EDITOR NOTE: Apparently, there’s a debate going on as to whether China will soon become an exporter of inflation or deflation. If this doesn’t make sense to you, the main concern is whether China will transfer its increased production costs over to the importing consumer, just like some domestic businesses have done when rising costs have taken a chunk out of their bottom line. The truth is that it’s hard to say. The debate concerns a floating battlefield--a metaphor for FX strategy. Like any business, China certainly doesn’t want to see its cost of production eat up profit margins. At the same time, China still has to remain competitive as an exporter of manufactured goods. If China can produce goods more efficiently than its competitors, and if it can sell its products more cheaply despite relative price increases, then it can still undercut its rivals. It’s pretty straightforward. More goods for lower costs boosts the standard of living. And the author is right to point out that such a principle is the exact opposite of what the Federal Reserve is trying to accomplish.
I present two views and take a side. Michael Pettis chimes in as well.
Is China an Inflationary Force Now?
Financial Times writer Robert Armstrong asks: Is China an inflationary force now? His article Inflation, Made in China implies yes, but Armstrong presents two points of view.
Diana Choyleva of Enodo Economics argues the inflation side.
Choyleva notes price pressure fueled by a 9% rise in the Chinese Producer Price Index (PPI).
She says that Chinese exporters will have to raise prices to protect profits because the government is providing less support.
Larry Hu of Macquarie is on the deflation side. He believes most of the PPI increase is tied to the price of oil and that a higher PPI has not historically led to a rise in export prices.
Michael Pettis Weighs In
- Rob Armstrong (@rbrtrmstrng) has an interesting piece on arguments in favor and against whether the China-as-deflation-exporter story is over. Count me on the latter side.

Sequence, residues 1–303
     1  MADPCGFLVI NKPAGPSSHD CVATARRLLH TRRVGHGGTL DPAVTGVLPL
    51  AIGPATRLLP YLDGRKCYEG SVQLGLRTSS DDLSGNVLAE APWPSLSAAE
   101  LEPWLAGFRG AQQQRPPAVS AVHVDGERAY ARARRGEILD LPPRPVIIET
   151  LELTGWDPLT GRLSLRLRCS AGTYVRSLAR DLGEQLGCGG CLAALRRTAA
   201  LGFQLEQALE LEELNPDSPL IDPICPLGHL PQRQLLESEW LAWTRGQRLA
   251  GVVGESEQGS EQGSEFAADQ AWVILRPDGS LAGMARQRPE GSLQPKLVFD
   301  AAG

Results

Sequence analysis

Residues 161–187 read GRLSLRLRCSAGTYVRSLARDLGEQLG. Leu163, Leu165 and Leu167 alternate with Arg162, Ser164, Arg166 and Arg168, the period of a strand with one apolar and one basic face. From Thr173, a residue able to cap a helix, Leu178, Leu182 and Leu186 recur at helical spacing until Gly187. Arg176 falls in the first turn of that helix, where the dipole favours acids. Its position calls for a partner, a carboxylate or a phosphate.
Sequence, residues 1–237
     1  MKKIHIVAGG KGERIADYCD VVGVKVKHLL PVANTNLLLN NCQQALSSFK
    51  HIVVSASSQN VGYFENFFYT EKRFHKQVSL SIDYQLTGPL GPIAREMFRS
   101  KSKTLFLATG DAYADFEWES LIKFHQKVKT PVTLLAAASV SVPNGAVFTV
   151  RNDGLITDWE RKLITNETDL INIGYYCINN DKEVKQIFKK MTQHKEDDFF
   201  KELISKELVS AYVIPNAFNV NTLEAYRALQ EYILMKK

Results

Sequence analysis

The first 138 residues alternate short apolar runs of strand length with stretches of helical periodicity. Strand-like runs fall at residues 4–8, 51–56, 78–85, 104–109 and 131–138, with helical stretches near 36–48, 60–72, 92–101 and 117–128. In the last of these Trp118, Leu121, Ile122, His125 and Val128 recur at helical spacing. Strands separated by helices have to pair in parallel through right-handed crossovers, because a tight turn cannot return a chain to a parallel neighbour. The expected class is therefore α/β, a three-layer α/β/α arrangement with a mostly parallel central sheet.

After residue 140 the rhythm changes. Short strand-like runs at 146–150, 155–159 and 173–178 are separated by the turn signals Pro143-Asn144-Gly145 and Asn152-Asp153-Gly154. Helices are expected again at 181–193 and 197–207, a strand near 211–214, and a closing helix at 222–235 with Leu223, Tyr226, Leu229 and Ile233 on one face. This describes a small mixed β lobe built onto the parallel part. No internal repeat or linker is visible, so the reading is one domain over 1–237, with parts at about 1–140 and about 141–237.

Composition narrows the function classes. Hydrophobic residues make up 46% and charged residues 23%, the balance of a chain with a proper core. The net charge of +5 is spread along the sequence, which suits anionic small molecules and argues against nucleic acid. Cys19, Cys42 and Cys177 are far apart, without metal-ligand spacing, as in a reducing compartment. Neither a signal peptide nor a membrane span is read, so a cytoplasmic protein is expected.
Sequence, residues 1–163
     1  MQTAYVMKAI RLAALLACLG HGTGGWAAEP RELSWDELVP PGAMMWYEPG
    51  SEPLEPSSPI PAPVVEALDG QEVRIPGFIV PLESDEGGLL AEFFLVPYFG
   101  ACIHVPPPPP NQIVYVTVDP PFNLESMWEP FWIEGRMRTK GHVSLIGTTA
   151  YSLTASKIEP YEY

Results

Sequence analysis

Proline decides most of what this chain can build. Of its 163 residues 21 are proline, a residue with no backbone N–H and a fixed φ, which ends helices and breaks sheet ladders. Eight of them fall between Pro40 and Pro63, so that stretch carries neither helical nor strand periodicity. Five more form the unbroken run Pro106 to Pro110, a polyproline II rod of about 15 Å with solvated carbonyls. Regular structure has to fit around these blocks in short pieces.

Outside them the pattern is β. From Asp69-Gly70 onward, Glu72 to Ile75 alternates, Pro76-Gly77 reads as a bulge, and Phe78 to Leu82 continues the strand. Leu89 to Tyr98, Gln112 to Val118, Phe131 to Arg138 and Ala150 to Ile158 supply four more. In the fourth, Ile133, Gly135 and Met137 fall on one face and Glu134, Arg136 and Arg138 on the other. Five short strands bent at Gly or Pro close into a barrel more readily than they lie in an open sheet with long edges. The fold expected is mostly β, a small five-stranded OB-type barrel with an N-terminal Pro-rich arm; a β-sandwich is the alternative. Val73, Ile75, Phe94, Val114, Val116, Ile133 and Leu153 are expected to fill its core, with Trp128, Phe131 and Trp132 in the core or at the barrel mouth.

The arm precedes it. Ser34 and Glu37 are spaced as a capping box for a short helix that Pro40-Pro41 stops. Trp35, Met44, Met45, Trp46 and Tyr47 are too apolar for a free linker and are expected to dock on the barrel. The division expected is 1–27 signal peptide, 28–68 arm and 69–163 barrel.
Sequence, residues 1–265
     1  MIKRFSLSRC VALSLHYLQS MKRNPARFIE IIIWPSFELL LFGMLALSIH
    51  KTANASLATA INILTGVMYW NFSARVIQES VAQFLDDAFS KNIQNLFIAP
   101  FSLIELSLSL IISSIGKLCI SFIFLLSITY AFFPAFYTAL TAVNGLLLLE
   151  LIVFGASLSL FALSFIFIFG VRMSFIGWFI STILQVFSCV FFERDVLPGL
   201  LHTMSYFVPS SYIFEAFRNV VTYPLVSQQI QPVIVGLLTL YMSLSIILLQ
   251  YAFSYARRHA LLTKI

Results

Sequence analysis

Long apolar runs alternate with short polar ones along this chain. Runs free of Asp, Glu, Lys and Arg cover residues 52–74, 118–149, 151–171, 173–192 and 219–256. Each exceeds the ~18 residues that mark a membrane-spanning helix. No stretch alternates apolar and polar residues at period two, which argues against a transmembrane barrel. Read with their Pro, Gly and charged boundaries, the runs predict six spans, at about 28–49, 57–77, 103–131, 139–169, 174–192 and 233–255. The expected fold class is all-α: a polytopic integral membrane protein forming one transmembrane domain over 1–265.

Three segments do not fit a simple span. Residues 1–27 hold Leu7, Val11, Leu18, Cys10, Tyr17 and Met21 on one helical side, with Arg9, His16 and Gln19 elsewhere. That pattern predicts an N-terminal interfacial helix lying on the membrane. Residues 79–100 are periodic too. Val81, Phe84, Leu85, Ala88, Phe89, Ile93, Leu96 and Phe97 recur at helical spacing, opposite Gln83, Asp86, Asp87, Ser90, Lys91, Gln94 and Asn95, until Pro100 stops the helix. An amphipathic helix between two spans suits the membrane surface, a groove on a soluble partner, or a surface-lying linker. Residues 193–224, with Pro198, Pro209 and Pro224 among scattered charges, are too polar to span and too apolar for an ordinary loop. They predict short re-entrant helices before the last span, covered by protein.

- I think changes are indeed occurring in the structure of the Chinese economy that will eventually reduce its current account surplus, but these changes are occurring so slowly that it will be many years before China can become an exporter of inflation.
- For now the combination of repressed wages (i.e. much lower wages relative to productivity than any of its trading partners) and a large (and still growing) share of global trade means that it will continue to put downward pressure on global demand relative to global supply.
Here is the Tweet Chain.
Strongly Side with Pettis and Hu
US manufacturers, German manufacturers, and global manufacturers in general all have the same oil and commodity price pressures.
If there is price pressure due to oil, it's across the board. Even if Chinese exporters hike prices a bit they still undercut what prices would be if manufacturing returned to the US.
There is no strong reason to believe Chinese companies will stop undercutting everyone else.
What About Shein?
Chinese apparel manufacturer Shein (pronounced she-in) takes clothes from design to shipment in just 10 days. The fashion wear is amazingly cheap and generation Z loves it.
It's not just the price pressure that's deflationary. Getting a new clothes design out in 10 days is an amazing productivity achievement. One can come up with a design, order a couple hundred items, and if they don't sell, well, so what?
There's one more kicker. In response to Trump tariffs, China waived export taxes for direct-to-consumer companies. That's Shein's model and other companies are sure to follow.
For more discussion of Shein, please see Zoomers Flock to "She-In" for Amazingly Cheap, Real Time Clothes in 10 Days
More goods for less cost represents improved standards of living. This is what the Fed is foolishly fighting, blowing bubbles in the wake.
Covid did not stop productivity improvements in China or anywhere else.
Original post from Mish Talk